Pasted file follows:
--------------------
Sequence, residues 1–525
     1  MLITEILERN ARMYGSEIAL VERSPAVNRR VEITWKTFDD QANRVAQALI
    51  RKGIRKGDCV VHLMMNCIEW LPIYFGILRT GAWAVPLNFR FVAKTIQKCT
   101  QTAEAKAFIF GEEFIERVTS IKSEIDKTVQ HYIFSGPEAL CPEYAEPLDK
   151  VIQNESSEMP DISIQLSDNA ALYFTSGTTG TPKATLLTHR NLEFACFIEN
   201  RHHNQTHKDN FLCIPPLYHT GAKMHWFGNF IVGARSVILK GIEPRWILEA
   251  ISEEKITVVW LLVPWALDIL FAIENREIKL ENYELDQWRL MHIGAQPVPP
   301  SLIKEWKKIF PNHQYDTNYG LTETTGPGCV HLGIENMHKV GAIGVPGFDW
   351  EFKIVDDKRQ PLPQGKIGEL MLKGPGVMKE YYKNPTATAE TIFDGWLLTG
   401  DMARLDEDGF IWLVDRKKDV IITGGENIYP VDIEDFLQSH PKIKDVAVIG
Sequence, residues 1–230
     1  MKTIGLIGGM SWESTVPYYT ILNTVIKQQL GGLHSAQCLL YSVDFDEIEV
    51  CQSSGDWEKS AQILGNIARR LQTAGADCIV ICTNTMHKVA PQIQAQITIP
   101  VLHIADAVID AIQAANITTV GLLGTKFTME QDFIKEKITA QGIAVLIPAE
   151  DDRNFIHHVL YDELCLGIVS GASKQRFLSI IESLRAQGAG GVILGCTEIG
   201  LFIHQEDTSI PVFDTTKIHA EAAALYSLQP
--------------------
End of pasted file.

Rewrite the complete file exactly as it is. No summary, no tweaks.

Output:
Sequence, residues 1–525
     1  MLITEILERN ARMYGSEIAL VERSPAVNRR VEITWKTFDD QANRVAQALI
    51  RKGIRKGDCV VHLMMNCIEW LPIYFGILRT GAWAVPLNFR FVAKTIQKCT
   101  QTAEAKAFIF GEEFIERVTS IKSEIDKTVQ HYIFSGPEAL CPEYAEPLDK
   151  VIQNESSEMP DISIQLSDNA ALYFTSGTTG TPKATLLTHR NLEFACFIEN
   201  RHHNQTHKDN FLCIPPLYHT GAKMHWFGNF IVGARSVILK GIEPRWILEA
   251  ISEEKITVVW LLVPWALDIL FAIENREIKL ENYELDQWRL MHIGAQPVPP
   301  SLIKEWKKIF PNHQYDTNYG LTETTGPGCV HLGIENMHKV GAIGVPGFDW
   351  EFKIVDDKRQ PLPQGKIGEL MLKGPGVMKE YYKNPTATAE TIFDGWLLTG
   401  DMARLDEDGF IWLVDRKKDV IITGGENIYP VDIEDFLQSH PKIKDVAVIG
Sequence, residues 1–230
     1  MKTIGLIGGM SWESTVPYYT ILNTVIKQQL GGLHSAQCLL YSVDFDEIEV
    51  CQSSGDWEKS AQILGNIARR LQTAGADCIV ICTNTMHKVA PQIQAQITIP
   101  VLHIADAVID AIQAANITTV GLLGTKFTME QDFIKEKITA QGIAVLIPAE
   151  DDRNFIHHVL YDELCLGIVS GASKQRFLSI IESLRAQGAG GVILGCTEIG
   201  LFIHQEDTSI PVFDTTKIHA EAAALYSLQP